MORGANTOWN, W.Va. – When the White House announced a little more than a year ago that it was launching the equivalent of the Human Genome Project for the brain, West Virginia University neuroscientist George Spirou, Ph.D., knew what this announcement meant.
For years, he’d been molding WVU’s Centers for Neuroscience—a vast network of 50 labs across the Morgantown campus—to comprehensively map and study the brain. By the time President Barack Obama made the human brain a national research priority with $100 million in BRAIN Initiative funding, Dr. Spirou was leading only one of about ten labs in the world that were using large-scale 3-D reconstructions of neurons to more fully understand what’s going on in the center of the self.
“When you sit back in your chair and you think about it,” Spirou said, “every neuroscientist is throughout their career alternately depressed and energized by the sheer magnitude of this challenge. What better time and place to do it than when the entire field is in a transformation, and with key investments in the right people we can transform ourselves at the same time.”
Spirou was honored by the University this week for his pioneering work in neuroscience research by being named to an endowed chair – the John W. and Jeannette S. Straton Research Chair in Neurosciences.
“People who work in neurosciences around the country – and around the world – know what’s happening at WVU, and they are excited by it,” Clay Marsh, M.D., WVU Health Sciences Vice President and Executive Dean, said. “In large part, our reputation as a research hub is due to Dr. Spirou and the team of scientists he has brought together to work on brain science. I am very proud that he is a Mountaineer.”
Dr. Spirou became a neuroscientist to pursue his interest in brain mechanisms for perception and learning. He studied as an undergraduate student at Denison University majoring in physics and philosophy and completed doctoral work in neuroscience at the University of Florida and a fellowship in biomedical engineering at Johns Hopkins University, where he studied the neural encoding of sound and the structure of neural circuits.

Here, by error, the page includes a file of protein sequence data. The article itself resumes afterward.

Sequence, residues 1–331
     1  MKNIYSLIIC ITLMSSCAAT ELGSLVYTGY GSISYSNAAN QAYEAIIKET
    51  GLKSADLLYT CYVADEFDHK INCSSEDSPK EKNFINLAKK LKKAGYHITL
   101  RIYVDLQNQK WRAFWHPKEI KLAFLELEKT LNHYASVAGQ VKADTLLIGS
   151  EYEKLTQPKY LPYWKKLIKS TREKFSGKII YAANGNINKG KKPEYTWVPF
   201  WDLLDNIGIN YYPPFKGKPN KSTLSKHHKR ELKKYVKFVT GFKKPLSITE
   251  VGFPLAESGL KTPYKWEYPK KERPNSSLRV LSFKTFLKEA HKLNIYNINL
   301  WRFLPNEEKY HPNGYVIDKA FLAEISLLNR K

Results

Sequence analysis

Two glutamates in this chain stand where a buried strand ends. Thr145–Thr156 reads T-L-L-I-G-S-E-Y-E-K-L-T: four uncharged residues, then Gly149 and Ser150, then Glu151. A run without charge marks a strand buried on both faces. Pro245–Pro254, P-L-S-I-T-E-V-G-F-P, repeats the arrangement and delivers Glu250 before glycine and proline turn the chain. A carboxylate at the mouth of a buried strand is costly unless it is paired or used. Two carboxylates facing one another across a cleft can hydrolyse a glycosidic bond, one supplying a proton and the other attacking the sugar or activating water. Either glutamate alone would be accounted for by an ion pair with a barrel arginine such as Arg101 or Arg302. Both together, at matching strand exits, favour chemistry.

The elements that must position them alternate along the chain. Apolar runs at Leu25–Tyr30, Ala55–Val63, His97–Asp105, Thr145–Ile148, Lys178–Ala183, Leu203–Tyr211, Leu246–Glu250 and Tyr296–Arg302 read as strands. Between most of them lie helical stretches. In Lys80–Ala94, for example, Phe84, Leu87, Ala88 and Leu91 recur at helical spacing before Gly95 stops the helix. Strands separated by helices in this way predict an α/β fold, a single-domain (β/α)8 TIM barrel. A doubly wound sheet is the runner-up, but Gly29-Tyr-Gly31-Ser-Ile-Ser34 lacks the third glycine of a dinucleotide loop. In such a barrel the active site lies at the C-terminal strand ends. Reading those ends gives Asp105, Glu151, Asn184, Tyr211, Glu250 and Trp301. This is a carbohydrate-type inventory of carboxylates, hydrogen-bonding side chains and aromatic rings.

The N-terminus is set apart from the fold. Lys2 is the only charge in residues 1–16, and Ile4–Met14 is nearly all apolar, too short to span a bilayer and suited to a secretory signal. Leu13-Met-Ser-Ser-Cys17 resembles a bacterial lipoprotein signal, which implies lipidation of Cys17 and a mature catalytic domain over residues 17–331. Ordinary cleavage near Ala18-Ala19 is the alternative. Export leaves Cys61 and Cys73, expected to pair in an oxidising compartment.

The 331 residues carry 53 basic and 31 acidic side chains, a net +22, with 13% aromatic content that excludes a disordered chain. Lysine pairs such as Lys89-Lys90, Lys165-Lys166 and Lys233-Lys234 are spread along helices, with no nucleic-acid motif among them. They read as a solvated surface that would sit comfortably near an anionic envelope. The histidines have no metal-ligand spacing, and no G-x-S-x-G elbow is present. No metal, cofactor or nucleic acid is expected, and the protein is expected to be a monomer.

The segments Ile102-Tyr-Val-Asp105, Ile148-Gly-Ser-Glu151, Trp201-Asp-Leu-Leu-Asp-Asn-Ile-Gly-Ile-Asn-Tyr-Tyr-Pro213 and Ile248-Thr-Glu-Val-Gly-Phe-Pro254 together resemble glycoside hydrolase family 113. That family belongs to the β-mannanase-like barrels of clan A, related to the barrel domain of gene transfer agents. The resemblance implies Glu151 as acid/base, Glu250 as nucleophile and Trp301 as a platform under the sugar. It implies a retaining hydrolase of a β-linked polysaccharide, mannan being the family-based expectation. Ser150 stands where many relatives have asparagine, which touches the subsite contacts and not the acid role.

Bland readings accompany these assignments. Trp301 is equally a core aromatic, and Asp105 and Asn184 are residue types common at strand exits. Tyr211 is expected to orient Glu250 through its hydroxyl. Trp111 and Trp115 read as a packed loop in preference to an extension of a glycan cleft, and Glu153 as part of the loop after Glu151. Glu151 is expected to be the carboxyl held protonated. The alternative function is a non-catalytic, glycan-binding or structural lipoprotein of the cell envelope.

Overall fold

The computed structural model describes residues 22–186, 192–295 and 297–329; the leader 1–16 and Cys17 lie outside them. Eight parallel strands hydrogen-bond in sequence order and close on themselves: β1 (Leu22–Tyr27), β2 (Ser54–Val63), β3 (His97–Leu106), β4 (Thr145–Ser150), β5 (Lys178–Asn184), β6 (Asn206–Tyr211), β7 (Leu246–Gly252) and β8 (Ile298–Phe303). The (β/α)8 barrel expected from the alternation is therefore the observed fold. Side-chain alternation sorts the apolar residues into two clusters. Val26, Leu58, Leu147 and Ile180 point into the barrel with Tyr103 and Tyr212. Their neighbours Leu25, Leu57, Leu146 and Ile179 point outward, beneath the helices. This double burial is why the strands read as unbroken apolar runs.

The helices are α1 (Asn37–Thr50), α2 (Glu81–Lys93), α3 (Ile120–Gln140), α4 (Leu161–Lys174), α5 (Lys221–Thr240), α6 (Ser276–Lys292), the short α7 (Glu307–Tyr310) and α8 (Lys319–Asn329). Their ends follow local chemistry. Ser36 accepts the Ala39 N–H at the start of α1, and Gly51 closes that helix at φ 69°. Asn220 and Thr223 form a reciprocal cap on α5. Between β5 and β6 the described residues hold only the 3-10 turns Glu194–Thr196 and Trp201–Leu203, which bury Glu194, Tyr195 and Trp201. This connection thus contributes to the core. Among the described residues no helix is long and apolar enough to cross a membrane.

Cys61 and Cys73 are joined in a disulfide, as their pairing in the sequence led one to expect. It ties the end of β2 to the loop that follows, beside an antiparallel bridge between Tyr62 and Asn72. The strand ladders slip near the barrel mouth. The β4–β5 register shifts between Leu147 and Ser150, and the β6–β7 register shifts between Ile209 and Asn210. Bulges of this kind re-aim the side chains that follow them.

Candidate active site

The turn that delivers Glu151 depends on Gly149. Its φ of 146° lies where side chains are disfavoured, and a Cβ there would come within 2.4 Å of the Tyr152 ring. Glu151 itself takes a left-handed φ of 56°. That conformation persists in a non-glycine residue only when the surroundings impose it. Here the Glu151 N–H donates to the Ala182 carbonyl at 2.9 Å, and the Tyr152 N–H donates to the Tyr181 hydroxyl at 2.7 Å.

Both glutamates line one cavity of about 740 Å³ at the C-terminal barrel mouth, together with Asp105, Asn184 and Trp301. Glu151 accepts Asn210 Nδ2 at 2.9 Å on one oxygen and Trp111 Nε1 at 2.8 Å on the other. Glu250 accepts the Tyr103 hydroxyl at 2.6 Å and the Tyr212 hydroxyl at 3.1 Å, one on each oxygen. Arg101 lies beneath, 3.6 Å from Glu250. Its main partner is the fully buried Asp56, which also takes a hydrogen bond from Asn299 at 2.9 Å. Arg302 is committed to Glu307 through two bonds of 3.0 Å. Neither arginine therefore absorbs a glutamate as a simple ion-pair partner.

Since his arrival at WVU, he has combined managing his own laboratory research program with building the research infrastructure and scope of neuroscience research at the University. The key ingredient in this latter process has been recruiting strong junior faculty, establishing a mentoring program to guide them to success as independent investigators and participating as primary mentor for many of them.
Under his leadership the Centers for Neuroscience has grown to include the Sensory Neuroscience Research Center, the WVU Stroke Center, the new Addiction Medicine research group, and the Cognitive Neuroscience research group.
Among Dr. Spirou’s honors are selection to the Johns Hopkins Society of Scholars and as an inaugural member of the National Institutes for Health Center for Scientific Review College of Reviewers. He has served on numerous NIH review panels, including frequent stints as committee chair.
When creating endowed chairs, which is an irrevocable commitment, the University ensures that the area of study is of long-term interest and a benefit to the state and its citizens. The chair honors both the named holder of the chair and also serves as an enduring tribute to the donors who establish it.
Endowed chairs are crucial for recruiting and retaining the highest-quality faculty and for honoring faculty that have made a significant impact. Building a strong base of faculty talent enriches the academic environment, which attracts and inspires motivated students. The John W. and Jeannette S. Straton Research Chair in Neurosciences was funded with a $1.2 million gift.
Photo Caption: Colleagues surround George Spirou, Ph.D., during the recent investiture ceremony naming him as chair. L-R: WVU Health Sciences Vice President and Executive Dean Clay Marsh, M.D.; WVU President E. Gordon Gee; George Spirou, Ph.D.; and, Department of Otolaryngology/Head and Neck Surgery Chair Hassan Ramadan, M.D.